At Nye’s Polonaise, some things never change

by Mike on January 31, 2012 · 0 comments

It’s rare to find a place like Nye’s Polonaise — a place where nothing has changed in FIFTY YEARS!  Literally. I’ve got a penchant for all things “oldie-timey,” and when I heard that this Minneapolis institution was frozen in time, I had to go.  And so Nick Cordileone (aka Timon in the Lion King), his brother Nathan, sister-in-law Heather and I left the Orpheum Theatre one snowy Saturday night after the show in search of 1964.

There’s a reason nothing has changed at Nye’s Polonaise: it works.  Everything from the wood paneling to the gold-flecked vinyl booths to the World’s Most Dangerous Polka Band to the authentic Polish food.  Everything works — but that’s not to say it’s perfect.  It has way too much heart and soul to be perfect.  Most of the staff have been working there for 30 years or more, most likely serving the same local clientele night after night. It’s truly a Nordeast institution.

Al Nye bought the place in the late 40’s and then bought the place next door in 1964, thus “The Old Side” and “The Polonaise Room” were named.  The Old Side is a narrow blue- collar barroom with a line of booths on one side, and well-worn bar on the other.  At the back of the room is a tiny stage, home to “The World’s Most Dangerous Polka Band”.  And were they ever! When we first passed from the Polonaise room through the swinging double doors to the Old Side, we were nearly trampled by a swirling stampede of smiling polka duos in full swing.  The enthusiasm was like a warm polka slap in the face.

It was almost impossible not to get swept up, but we were coming from the show feeling ravenous.  Polish food was waiting! We pulled ourselves out of the raging river that was the Old Side, and onto the slightly more tranquil shores of the Polonaise Room.

The room was dimly lit with colorful 60’s style lighting fixtures hanging from the ceiling, and red floral carpeting beneath our feet.  In the front corner was the piano bar, complete with an American flag and a portrait of Chopin.  There was a crowd gathered around passing the microphone in an informal karaoke. The piano player had a rich voice that did the standards all justice.  The rest of the patrons made up for their lack of pitch with jovial gusto as they joined in a chorus of “You’ve Lost That Loving Feeling”.

We ordered what I like to call Polish heaven on a platter, or the Polonaise Plate.  Five pounds of food, people!  It consisted of pork spare ribs smothered in sauerkraut, kielbasa and brown mustard, savory stuffed cabbage, a gigantic potato dumpling, and a delicious sampling of homemade pierogi.  Everything was on point.  My Grandma Edie would have approved!  I am used to my own stuffed cabbage served with a tomato-based sauce, but this version was baked in a butter parsley sauce.  It was divine. The cabbage was sweet and tender, and the meat inside, a pork and beef mixture with garlic and spices, was tremendously satisfying.  My favorite though, were the ribs — it was reminiscent of Grandma Edie’s roast pork and sauerkraut, although she usually used a pork shoulder or loin.  The ribs brought a little more richness to the table.  I merely had to look at the meat and it fell off the bone.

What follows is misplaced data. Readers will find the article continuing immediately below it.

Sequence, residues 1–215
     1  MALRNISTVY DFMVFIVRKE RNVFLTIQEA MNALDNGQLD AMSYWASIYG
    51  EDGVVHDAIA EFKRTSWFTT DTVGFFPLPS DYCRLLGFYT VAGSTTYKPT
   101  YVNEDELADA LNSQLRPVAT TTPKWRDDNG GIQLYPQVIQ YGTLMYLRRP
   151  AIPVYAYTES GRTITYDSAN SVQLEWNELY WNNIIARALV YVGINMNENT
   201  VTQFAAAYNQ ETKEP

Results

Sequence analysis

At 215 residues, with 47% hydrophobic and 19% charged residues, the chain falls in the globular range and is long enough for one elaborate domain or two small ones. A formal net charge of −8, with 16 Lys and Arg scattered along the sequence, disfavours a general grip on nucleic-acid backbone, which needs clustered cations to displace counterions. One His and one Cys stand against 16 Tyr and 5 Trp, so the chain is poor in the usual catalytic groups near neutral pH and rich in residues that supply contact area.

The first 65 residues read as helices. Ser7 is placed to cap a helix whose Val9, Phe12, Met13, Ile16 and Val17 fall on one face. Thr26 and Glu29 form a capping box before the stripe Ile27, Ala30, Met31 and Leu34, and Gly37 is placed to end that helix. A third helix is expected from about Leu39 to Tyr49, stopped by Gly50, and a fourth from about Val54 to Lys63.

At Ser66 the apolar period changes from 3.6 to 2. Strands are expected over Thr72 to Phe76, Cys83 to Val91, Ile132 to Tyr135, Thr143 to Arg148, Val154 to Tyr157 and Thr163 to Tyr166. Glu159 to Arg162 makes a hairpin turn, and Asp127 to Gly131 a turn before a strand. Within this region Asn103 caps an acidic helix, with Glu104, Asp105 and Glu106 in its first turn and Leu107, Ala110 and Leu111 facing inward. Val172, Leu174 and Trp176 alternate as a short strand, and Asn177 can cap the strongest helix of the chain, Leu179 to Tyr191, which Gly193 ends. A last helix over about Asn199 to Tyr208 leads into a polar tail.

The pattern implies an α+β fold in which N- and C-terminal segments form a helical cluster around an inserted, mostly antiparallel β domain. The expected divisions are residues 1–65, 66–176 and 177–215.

Once the plate was finished, we ordered a round of drinks.  I chose the Polonaise, a fantastic martini made with Chopin vodka, dry vermouth and olives, served up and dirty.  It was probably the best martini I’ve ever had.

Nye’s Polonaise is all about comfort and community, good times and good friends, and I couldn’t have asked for a better bunch to share it with than Nick, Nathan, and Heather.  They were kindred spirits, who matched my enthusiasm and romance for this oldie-timey place all night.  We snapped pictures and talked about Seattle, where Nathan and Heather currently reside. We laughed and applauded for the revelers singing around the piano, and gawked at the wedding party that came in halfway through dinner.  What better place to wind down after your special day than Nye’s? Wish Ang and I had this for our wedding!

By the time we finished the hearty dinner, it was after 1am. The World’s Most Dangerous Polka Band was breaking down the stage, leaving us all a little safer if not sadder that they were done.  The Piano Bar was in full swing, and we basked in the warmth of their shared song as we squeezed past all of the colorful characters and headed out into the snow.

We arrived at Nye’s as essentially tourists, and left feeling like true Nordeasters, if only for one night.

Another special thanks to Josh Landay for the steller recommendation.

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